Are Kentucky Slots Facing “Do or Die”?

This week’s LET IT RIDE.COM HOT TOPIC comes from Gregory Hall of The Courier-Journal…take a read and VOICE AN OPINION!

Is this the last chance for casino gambling in Kentucky?

FRANKFORT, KY. — Supporters of expanded gambling have said this year’s legislative session — fresh off Gov. Steve Beshear’s landslide re-election win over Senate President David Williams — may offer their best chance yet for success.

But is it also their last chance?

“I don’t think so. Not at all,” said Beshear, who has proposed a constitutional amendment that is expected to get its first airing on Wednesday before the Senate State & Local Government Committee.

Whether the measure passes this session or not — and he thinks it can — Beshear said, “I am excited that the issue is finally getting the attention that I think it deserves, and I think it will only go on from here.”

Others, on both sides of the debate, aren’t so sure.

While the issue likely wouldn’t go away, they say, a defeat could seriously derail political momentum, at least for the push to allow expanded gaming through a constitutional amendment — an approach that circumscribes the chance of a court challenge.

Martin Cothran, a senior policy analyst for the Family Foundation of Kentucky, which opposes expanded gambling, said a defeat on the Senate floor could kill the issue practically and politically speaking.

“I think … unless there’s a change in the party dynamics of the Senate, that this is the last hurrah,” Cothran said.

House Speaker Greg Stumbo, D-Prestonsburg, who has pushed for expanded gambling in the past but prefers doing it through statute, agreed that defeat of Senate Bill 151 might end the push for an amendment.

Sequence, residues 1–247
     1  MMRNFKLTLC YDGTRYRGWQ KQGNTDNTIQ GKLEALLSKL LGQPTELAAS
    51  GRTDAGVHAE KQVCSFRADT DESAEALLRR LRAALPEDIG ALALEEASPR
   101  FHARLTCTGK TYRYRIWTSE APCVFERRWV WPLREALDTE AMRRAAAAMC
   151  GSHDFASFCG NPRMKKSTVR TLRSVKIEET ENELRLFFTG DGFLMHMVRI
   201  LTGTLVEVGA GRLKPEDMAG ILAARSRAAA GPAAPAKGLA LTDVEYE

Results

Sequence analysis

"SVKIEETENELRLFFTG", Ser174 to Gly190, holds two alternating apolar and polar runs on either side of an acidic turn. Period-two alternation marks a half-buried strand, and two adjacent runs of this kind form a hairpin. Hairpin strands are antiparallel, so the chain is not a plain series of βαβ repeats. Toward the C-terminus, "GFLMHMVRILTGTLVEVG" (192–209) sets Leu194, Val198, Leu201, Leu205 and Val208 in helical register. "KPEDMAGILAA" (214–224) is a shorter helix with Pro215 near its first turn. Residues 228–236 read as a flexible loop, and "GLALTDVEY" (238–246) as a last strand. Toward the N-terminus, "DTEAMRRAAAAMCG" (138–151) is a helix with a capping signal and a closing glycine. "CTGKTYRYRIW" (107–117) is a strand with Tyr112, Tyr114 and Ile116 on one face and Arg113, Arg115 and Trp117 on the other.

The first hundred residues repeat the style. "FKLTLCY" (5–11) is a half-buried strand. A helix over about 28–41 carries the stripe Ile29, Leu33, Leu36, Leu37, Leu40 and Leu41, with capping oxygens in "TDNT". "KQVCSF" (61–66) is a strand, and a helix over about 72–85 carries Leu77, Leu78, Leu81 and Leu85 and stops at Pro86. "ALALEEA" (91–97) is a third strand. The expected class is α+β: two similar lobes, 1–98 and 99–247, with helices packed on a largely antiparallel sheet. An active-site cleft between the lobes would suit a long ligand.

But he said, “I don’t think you can say something that’s been around for 20 years is going to die overnight.

“… This issue’s not going to go away until we address it or solve it or put an end to it. The manner in which the issue is addressed may change, but I don’t think the issue would go away.”

When asked the same question, Williams, a Burkesville Republican who opposes expanded gambling, said he doesn’t respond to hypotheticals. During last year’s campaign, he said the votes could be in the Senate to pass an amendment, but he has been critical of the way the current bill is drafted.

A constitutional amendment requires a three-fifths vote in both chambers of the legislature — 23 senators and 60 representatives — and ratification by the voters in the November general election.

SB 151, which contains Beshear’s proposed constitutional amendment, was introduced last week and assigned to the State & Local Government Committee, whose chairman, Georgetown Republican Damon Thayer, is the measure’s sponsor.

The amendment would allow up to five casinos at racetracks and two at other locations, though the latter could not be within 60 miles of one of the state’s eight tracks.

But that wording could change significantly by the time the committee is expected to take it up on Wednesday, with Beshear and Agriculture Commissioner James Comer, a Republican, planning to testify for it and Cothran against it.

Thayer previously compared the bill’s drafting to “threading the needle” — finding a compromise that works for those who want casinos only at tracks and those who want no guarantees for tracks.